How to link a DPIA to the data protection principles

Answering the questions below during the DPIA process will help you to identify where there is a risk that the project will fail to comply with the Law's seven data protection principles

PRINCIPLE 1: Lawfulness, Fairness and Transparency
Personal data must be processed lawfully, fairly and in a transparent manner in relation to the data subject

  1. Have you identified the purpose of the project?
  2. How will you tell individuals about the use of their personal data?
  3. Do you need to amend your data protection notices?
  4. Have you established which conditions for processing apply?
  5. If you are relying on consent to process personal data, how will this be collected and what will you do if it is withheld or withdrawn?

PRINCIPLE 2: Purpose Limitation
Personal data must not be collected except for a specific, explicit and legitimate purpose, and once collected must not be further processed in a manner incompatible with the purpose for which it was collected.

  1. Does your project plan cover all of the purposes for processing personal data?
  2. Have you identified potential new purposes as the scope of the project expands?
  3. Have you ensured that appropriate review is undertaken where future changes may be planned to the processing? 

PRINCIPLE 3: Minimisation
Personal data processed must be adequate, relevant and limited to what is necessary in relation to the purpose for which it was processed.

  1. Is the quality of the information good enough for the purposes it is used?
  2. Which personal data could you not use, without compromising the needs of the project?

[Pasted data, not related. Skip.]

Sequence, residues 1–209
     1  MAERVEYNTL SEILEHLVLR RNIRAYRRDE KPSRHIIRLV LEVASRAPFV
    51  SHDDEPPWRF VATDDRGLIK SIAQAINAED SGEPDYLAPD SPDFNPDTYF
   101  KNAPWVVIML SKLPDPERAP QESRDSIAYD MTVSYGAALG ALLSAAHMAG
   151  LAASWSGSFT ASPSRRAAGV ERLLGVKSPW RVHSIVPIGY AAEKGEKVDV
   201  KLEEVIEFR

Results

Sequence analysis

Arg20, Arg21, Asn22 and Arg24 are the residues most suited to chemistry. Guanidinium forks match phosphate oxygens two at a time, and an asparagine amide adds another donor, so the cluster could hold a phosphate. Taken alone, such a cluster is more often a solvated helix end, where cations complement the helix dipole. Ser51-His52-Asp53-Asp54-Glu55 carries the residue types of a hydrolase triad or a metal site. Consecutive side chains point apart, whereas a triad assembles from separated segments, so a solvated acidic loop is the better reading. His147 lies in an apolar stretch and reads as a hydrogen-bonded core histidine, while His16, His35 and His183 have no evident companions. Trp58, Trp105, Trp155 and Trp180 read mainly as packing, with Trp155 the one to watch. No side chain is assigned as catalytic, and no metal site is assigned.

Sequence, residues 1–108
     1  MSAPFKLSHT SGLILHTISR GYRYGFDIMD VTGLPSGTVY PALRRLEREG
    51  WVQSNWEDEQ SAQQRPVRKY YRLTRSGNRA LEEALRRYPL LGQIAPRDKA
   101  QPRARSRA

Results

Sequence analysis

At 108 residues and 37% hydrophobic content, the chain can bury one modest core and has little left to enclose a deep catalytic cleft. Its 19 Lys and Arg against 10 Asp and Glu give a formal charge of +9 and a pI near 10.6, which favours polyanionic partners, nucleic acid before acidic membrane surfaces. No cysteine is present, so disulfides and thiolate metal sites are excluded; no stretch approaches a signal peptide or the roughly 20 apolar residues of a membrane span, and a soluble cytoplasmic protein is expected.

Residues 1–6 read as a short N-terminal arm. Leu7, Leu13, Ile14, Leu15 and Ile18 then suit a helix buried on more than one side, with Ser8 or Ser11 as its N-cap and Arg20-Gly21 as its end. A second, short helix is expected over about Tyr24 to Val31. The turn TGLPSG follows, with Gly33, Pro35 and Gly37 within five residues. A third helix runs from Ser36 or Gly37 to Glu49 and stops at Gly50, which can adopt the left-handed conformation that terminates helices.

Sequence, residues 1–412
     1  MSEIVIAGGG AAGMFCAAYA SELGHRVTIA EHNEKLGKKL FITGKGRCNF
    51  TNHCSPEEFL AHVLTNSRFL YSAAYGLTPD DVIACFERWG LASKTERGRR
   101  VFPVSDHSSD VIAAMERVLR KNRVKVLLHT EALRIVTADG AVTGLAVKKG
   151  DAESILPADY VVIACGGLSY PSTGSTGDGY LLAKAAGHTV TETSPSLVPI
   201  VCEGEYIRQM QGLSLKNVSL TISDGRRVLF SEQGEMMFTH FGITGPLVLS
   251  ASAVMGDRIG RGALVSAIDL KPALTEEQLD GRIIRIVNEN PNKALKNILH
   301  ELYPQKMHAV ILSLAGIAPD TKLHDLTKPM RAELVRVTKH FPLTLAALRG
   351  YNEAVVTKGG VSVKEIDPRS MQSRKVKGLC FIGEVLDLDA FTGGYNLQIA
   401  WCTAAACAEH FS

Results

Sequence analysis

PRINCIPLE 4: Accuracy
Personal data processed must be accurate and where applicable, kept up to date, and reasonable steps must be taken to ensure that personal data that is inaccurate (having regard to the purpose for which it is processed) is erased or corrected without delay.

  1. If you are procuring new software does it allow you to amend personal data when necessary?
  2. How are you ensuring that personal data obtained from individuals or other organisations is accurate?
  3. Who do you direct data subjects to for queries around accuracy?
  4. How well is that person supported to deliver on the obligations promptly and effectively? 

PRINCIPLE 5: Storage Limitation
Personal data must not be kept in a form that permits identification of the data subject any longer than is necessary for the purpose for which it is processed.

  1. What retention periods are required for the personal data you will be processing?
  2. Are you procuring software that will allow you to delete information in line with your retention periods?
  3. Does this delete all personal data or remove identifying features, retaining the information for other purposes such as statistics?
  4. If identifying features are removed, does that prevent identification in all cases?

PRINCIPLE 6: Integrity and Confidentiality
Personal data must be processed in a manner that ensures its security appropriately, including protecting it against unauthorised or unlawful processing and against accidental loss, destruction or damage, using appropriate technical or organisational measures.

  1. Have you reviewed and documented the security of all personal data intended to be processed?
  2. Do any new systems provide protection against the security risks you have identified?
  3. What training and instructions are necessary to ensure that staff know how to operate a new system securely? 

PRINCIPLE 7: Accountability
The controller is responsible for, and must be able to demonstrate, compliance with the data protection principles

  1. Have you documented all your personal data processing and associated compliance?
  2. Do you ensure that this documentation is regularly reviewed?
  3. Are these records available to all relevant staff including senior management/board members?